Santa Cruz de Tenerife: accelerating towards a vibrant, sustainable vision for 2030

Santa Cruz de Tenerife: accelerating towards a vibrant, sustainable vision for 2030

Things are moving fast for the island’s capital, with announcements in November 2018 of 50 new electric vehicle recharging points, seven new electric buses and a bioclimatic building. Beyond announcements though, Santa Cruz is diligently working ensure these projects are taken up widely by citizens and create the ambitious economic and environmental sustainability desired. 

‘Green Santa Cruz 2030’ is the city’s flagship program, channeling numerous initiatives to:  develop new green spaces, provide efficient public services and ensure a sustainable energy supply. It is a principal driver in a vision for innovation, entrepreneurship and creativity to prepare for the future set out for the entire island. 

With accelerating these ambitions in mind, Santa Cruz city Councilor Juan Jose Martinez Diaz convened international experts in smart city delivery and 40 local administrators, urban planners, engineers, public utility companies and SME’s in the IRIS follower city, 23 November 2018. 

Focus was given to the pilot ‘Smart City Guidance Package for Integrated Planning and Management’ being tested by Judith Borsboom-van Beurden and Simona Costa – chairs of European Innovation Partnership cluster Integrated Planning, Policy and Regulations. The guidance package has been designed to give planning and management support for smart city project delivery, using input from the EIP, interviews with key players and successful Framework Program 7 and Horizon 2020 projects. 

For IRIS project coordinator, Humberto Gutierrez Garcia, this expertise and guidelines were perfectly timed and suited to plans ahead. “We are committed to set up and implement a smart cities replication plan over the next four years, to build our smart cities ecosystem and learn from innovative lighthouse solutions in sustainable mobility and positive energy districts”. Also present was Diego Broock Hijar, of the Canary Islands’ Sustainable Building Cluster (CCS) who reinforced the link to IRIS project delivery others could take from the EIP guidelines.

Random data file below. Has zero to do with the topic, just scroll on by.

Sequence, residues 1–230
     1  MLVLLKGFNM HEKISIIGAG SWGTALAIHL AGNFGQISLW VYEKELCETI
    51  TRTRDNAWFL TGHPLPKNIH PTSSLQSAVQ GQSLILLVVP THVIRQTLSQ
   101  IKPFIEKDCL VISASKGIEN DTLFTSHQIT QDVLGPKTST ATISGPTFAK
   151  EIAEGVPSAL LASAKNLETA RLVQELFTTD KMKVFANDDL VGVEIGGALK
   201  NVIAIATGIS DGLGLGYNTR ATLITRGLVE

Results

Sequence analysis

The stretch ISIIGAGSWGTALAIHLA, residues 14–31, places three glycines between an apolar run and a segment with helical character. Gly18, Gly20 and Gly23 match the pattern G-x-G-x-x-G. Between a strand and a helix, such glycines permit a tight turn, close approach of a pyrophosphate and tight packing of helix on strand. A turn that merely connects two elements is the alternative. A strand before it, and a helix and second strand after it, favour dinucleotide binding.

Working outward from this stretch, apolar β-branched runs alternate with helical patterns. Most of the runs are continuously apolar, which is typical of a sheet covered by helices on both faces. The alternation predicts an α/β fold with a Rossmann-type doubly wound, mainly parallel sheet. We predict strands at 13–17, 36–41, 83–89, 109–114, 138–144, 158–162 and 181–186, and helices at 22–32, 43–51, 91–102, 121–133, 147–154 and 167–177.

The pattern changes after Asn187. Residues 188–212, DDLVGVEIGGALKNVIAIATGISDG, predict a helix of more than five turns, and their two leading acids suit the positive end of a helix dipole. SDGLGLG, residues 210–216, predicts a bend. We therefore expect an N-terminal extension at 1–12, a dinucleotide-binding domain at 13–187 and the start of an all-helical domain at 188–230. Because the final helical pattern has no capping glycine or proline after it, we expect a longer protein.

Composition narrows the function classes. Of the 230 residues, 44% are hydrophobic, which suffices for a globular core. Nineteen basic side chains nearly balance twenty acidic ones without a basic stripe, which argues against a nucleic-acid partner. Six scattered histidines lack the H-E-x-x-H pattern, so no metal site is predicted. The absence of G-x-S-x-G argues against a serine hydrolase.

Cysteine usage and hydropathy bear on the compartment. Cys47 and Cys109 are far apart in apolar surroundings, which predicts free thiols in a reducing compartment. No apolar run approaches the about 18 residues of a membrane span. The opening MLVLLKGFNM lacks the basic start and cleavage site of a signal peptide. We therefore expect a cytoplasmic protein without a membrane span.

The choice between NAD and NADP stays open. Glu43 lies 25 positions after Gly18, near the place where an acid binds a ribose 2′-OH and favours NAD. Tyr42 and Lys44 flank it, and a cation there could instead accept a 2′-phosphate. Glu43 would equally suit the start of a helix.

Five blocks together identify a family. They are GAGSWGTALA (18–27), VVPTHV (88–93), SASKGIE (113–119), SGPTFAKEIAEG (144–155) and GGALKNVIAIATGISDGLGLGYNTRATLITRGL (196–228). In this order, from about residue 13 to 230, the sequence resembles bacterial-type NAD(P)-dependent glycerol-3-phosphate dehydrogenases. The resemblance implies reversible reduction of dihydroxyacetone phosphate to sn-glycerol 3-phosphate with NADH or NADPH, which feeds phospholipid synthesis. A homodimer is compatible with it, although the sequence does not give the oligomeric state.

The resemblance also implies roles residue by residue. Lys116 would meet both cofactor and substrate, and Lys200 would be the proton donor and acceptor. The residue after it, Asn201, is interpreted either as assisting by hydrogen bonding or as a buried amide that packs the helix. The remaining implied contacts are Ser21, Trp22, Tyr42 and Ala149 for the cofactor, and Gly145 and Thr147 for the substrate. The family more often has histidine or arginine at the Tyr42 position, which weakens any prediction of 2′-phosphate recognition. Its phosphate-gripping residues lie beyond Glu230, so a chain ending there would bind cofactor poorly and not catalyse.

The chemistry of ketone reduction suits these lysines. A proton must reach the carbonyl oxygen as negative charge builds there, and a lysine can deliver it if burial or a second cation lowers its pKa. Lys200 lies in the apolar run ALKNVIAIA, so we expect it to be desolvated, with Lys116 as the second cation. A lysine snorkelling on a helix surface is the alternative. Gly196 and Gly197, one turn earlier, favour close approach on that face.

An early involvement of all governmental and non-governmental actors is fundamental for maximising the output and the guidance package can provide ideas how to do this.” pointed out Judith Borsboom-van Beurden, Senior Researcher at NTNU University, who lead the initiative. The guidance package aims to improve policy and decision-making processes by involving and informing both political and operational levels, next to citizens, local businesses and other urban stakeholders, such as energy and transport operators. 

Validation exercises and follow-up debates at the event gave confidence that the methodology and approach can be applied in the Santa Cruz ecosystem and contribute to co-designing their IRIS replication and sustainability plans.

Santa Cruz and the broader island of Tenerife are deliberately and efficiently working towards being ‘an island prepared for the future’. Aided by their strong sense of strategic planning, be sure to keep an eye on their progress and near monthly developments on the way to 2030. 

03 Dec 2018